Parmerlee says the company updates its Facebook page daily with points of interest on the travel industry or about cars. The Friday posts are strictly reserved for customer testimonials, and overwhelmingly, Parmerlee says, those posts get the most “likes” and comments.
Ace also scored high on the Rental Car category, perhaps surprisingly as a value brand. The company claims its average mileage, however, is not significantly different than the premium brands such as Hertz. This is where expectations of the premium brands may come into play. “People are pleasantly surprised to have a value price and a fresh car,” Parmerlee says.
Indeed, the consensus of the Ace qualitative responses in the survey is that customers “are pleased with what they’re getting for what they’re paying,” according to McGregor.
How did Ace win the Shuttle Bus/Van category? Shuttle bus situations vary greatly, Radzis says. In Minneapolis, Ace is in terminal but offsite, and so it is the only company that runs a shuttle. With a well groomed, polite shuttle driver, Parmerlee says that perhaps that extra time Ace has with the customer plays to their advantage. As well, Ace is particular about maintaining short shuttle intervals.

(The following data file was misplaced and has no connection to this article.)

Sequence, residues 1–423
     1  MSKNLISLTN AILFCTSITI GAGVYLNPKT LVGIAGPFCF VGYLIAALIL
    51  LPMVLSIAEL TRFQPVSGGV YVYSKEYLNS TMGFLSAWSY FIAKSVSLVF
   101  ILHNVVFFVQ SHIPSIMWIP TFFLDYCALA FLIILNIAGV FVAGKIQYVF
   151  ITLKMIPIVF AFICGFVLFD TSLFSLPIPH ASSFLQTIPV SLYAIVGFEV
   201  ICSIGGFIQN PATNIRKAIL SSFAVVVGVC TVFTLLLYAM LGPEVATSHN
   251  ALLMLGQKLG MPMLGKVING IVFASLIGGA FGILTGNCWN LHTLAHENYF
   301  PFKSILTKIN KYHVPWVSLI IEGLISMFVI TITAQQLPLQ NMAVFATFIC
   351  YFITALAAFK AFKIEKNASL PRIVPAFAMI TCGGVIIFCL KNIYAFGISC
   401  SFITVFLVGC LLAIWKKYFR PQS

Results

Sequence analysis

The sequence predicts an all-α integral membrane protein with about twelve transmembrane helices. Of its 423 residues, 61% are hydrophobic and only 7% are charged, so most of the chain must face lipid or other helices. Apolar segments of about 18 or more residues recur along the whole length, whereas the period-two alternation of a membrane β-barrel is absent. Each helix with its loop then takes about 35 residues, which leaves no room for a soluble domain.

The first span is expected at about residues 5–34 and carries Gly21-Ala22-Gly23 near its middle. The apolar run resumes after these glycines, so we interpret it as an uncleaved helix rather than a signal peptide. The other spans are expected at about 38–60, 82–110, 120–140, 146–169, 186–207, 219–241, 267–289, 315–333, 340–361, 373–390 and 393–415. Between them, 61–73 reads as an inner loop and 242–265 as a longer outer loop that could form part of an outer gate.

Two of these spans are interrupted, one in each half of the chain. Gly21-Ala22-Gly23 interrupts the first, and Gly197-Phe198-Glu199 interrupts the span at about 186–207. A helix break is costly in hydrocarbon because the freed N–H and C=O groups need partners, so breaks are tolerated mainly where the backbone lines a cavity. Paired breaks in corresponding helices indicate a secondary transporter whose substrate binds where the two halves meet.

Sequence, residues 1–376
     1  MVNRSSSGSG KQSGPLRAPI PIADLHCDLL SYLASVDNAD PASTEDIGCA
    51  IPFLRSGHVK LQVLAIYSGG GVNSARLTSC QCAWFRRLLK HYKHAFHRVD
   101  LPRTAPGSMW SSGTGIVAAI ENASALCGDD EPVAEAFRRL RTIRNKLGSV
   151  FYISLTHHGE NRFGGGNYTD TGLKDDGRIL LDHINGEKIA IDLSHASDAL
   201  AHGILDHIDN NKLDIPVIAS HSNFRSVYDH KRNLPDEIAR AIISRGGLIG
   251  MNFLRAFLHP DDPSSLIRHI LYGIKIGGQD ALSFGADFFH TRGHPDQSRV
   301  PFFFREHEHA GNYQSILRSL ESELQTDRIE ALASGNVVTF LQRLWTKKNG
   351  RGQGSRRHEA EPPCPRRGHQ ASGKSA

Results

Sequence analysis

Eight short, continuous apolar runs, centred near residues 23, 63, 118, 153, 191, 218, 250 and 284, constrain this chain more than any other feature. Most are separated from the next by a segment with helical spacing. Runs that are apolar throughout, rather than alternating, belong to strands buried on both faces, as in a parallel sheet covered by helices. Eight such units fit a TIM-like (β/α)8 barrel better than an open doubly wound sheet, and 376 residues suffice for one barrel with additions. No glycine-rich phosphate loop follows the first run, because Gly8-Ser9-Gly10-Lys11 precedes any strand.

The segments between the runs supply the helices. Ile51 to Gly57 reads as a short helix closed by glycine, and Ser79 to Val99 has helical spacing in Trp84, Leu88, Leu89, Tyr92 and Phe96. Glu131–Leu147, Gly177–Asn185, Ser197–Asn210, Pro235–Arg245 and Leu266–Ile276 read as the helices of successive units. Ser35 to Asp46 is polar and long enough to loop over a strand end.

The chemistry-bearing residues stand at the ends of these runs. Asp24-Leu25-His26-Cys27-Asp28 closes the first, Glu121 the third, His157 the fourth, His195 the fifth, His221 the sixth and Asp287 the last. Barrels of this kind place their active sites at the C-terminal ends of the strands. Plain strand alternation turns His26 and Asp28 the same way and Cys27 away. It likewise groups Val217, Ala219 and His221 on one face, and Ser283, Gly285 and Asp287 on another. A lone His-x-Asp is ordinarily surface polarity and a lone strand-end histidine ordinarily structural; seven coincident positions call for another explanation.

Ace is made up of 12 corporate stores and the rest are affiliates. Some of the larger affiliates serve airports and were included in the survey. Can a separately owned affiliate location be included in Ace’s survey responses?
Ace maintains that from a from a brand management standpoint, the affiliates are covered by all the same systems — the same service agreement, pricing, obligations and benefits — as its corporate locations. According to the company, there is a single point of contact for all partner relations, and Ace pays all the commissions for every affiliate location for online travel portals such as Orbitz.
“We treat all the complaints exactly the same, it doesn’t matter where they come from,” Parmerlee says. “We survey all the sites the same way. We (Ace management) act on whatever comes out of a survey; we open a case and run it down. We’re accountable for everything that’s booked under the Ace name.”
Going back to the quote that Radzis heard on day one — “Above all else, service to the customer takes care of everything else;” it’s been emblazoned on a plaque that sits on the wall at most Ace offices — commemorated upon Bob Sorenson’s death in 1995. “He lived that mantra up until that point,” Parmerlee says. “It’s our way of keeping it alive.”